More than 200 business owners sent a message to the city this week: Don’t forget the little guy.
After leading a lengthy fight against the redevelopment of Willets Point, in which they held very little leverage, the more than 200 tenant businesses in the area are now pleading with the city not to be forgotten in its development vision.
The Willets Point Defense Committee President Arturo Olaya sent a letter to City Councilman Hiram Monserrate (D−East Elmhurst) and other city officials this week demanding that a $3 million fund set up to help tenant businesses relocate be extended, calling the current plan woefully inadequate for the bevy of businesses it would need to serve.
The fund would be divided among the businesses based on the square footage they occupy, and the group estimated that the average business in Willets Point would receive $15,000, while many of the smaller shops would only receive $9,000 or less.
Olaya said the funding would be a drop in the bucket toward addressing the costs involved with relocation, such as new rental sites, storage, moving and customization of new spaces.
“Time and again, we’ve heard that the Willets Point redevelopment will be a ‘win’ for everybody,” the letter reads. “We are only asking that the city dedicate the same, reasonable level of concern and financing to our businesses’ relocation and survival, as it has to its ballyhooed redevelopment project.”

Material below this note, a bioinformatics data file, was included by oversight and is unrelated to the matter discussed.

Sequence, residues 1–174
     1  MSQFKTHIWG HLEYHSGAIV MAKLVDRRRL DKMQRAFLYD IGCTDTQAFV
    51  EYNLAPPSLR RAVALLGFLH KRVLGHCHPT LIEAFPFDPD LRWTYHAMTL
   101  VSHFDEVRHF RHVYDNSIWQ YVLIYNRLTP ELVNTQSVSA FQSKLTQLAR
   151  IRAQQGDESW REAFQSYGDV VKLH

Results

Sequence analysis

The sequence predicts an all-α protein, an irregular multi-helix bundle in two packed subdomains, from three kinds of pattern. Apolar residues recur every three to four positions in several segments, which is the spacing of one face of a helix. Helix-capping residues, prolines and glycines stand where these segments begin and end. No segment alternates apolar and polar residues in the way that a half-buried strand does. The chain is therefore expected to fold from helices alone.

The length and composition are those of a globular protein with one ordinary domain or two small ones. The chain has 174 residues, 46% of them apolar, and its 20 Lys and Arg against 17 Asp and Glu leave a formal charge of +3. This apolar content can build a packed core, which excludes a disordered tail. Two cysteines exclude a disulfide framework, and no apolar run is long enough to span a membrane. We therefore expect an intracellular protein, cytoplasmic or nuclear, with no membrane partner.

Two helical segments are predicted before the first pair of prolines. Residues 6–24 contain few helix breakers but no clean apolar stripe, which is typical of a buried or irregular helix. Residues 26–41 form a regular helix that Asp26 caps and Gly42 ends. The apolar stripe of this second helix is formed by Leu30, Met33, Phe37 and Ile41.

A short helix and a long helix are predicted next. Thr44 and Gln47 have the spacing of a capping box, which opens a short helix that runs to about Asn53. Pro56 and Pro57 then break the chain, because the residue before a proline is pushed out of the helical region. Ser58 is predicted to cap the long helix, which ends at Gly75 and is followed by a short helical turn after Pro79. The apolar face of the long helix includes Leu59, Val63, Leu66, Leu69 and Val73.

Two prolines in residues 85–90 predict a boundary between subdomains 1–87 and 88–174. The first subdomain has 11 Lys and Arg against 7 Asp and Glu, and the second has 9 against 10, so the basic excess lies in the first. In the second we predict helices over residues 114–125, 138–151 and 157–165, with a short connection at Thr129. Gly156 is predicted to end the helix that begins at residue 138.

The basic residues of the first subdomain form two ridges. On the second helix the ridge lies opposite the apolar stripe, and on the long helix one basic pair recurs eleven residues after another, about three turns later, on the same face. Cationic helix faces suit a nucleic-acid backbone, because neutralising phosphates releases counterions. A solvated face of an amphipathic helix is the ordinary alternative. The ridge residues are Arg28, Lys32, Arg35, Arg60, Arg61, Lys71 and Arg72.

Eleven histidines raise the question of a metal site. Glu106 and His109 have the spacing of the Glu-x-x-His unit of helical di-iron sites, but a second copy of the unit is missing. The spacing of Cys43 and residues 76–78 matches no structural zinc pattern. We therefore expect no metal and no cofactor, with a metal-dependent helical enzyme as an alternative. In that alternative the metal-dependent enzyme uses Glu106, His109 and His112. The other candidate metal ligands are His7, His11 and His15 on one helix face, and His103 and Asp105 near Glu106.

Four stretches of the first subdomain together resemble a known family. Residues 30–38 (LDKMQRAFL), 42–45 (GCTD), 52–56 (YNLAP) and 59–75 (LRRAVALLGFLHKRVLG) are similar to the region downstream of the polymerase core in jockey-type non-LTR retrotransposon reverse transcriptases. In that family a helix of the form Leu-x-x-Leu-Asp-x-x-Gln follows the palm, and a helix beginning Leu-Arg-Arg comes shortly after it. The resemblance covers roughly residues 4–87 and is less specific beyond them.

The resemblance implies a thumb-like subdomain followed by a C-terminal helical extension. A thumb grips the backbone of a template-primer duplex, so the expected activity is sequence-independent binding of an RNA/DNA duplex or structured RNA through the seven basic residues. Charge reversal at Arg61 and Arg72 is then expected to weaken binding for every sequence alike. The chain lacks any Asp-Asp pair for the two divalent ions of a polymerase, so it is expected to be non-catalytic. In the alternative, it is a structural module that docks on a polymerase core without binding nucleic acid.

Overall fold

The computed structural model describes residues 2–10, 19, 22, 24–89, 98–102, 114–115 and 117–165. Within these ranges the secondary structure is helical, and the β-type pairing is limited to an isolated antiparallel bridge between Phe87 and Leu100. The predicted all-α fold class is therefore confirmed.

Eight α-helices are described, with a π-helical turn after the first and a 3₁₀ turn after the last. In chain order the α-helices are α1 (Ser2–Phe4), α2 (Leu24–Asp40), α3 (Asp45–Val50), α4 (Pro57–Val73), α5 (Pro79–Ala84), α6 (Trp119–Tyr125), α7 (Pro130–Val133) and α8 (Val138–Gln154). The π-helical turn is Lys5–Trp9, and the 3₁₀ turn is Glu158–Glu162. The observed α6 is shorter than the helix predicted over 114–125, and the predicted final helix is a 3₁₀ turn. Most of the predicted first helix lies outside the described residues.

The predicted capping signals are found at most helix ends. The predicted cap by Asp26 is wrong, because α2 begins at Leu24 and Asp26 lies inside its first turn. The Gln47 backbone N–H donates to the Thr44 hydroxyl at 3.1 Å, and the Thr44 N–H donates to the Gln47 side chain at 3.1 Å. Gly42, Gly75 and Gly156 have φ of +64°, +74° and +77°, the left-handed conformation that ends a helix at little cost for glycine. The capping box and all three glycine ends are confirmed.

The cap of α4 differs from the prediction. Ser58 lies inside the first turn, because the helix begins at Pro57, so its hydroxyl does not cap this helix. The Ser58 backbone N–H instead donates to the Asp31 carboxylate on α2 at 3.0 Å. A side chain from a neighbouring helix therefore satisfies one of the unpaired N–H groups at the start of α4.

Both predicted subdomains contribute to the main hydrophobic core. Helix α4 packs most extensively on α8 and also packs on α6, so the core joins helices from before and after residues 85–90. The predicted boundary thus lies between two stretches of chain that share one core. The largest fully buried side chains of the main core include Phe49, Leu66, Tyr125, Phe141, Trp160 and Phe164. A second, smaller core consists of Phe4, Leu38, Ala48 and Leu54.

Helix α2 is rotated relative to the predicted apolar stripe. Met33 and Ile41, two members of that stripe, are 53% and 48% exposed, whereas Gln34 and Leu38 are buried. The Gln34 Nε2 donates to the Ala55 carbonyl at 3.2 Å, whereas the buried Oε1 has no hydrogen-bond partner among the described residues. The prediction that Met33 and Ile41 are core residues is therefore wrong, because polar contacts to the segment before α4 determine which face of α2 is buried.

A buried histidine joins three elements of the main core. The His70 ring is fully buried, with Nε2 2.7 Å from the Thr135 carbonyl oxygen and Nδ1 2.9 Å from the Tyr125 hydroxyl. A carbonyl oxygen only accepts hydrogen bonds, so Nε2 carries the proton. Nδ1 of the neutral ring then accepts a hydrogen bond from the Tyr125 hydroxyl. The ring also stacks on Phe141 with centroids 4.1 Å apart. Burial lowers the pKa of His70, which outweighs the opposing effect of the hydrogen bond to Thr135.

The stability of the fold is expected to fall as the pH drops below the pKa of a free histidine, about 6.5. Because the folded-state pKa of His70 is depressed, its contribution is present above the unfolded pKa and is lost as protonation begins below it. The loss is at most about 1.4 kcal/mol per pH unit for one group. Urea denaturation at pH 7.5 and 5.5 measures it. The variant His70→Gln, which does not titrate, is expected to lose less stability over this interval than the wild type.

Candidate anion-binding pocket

The relationship between tenant business owners and Monserrate soured last week after the councilman embraced Mayor Michael Bloomberg’s redevelopment plan for Willets Point the day before the Council voted on the project.
Olaya said Monserrate’s agreement to support the mayor’s project without consulting them was a “slap in the face.”
“He makes a call to us and he put us in the basement,” Olaya said. “He cannot represent the businesses and the workers at Willets Point because he’s making the deal for himself.”
Monserrate rejected the claims, contending that he had been a tireless advocate for the tenant business’ interests.
“Unfortunately, they don’t have an understanding of what occurred here,” Monserrate said. “The reality is the project is very necessary for the borough of Queens.”
Monserrate said the city’s Workforce Retraining Program, real estate assistance provided by Cornerstone Realty, an agreement to offer low−cost loans to the tenant businesses and a $3 million set−aside to help them move to new locations would not have been as robust without his advocacy.
“The city has no legal obligation to do any of this,” he said.
Olaya said the tenant businesses, most of which are auto−related, repaired a truck owned by Monserrate, which also bears his name, at no cost. He said Monserrate donated the truck for the tenant businesses’ campaign against the city, but Olaya painted over the councilman’s name last Thursday.
“He sold us, he sold Willets Point,” Olaya said.
Reach reporter Stephen Stirling by e−mail at Sstirling@
©2008 Community News Group
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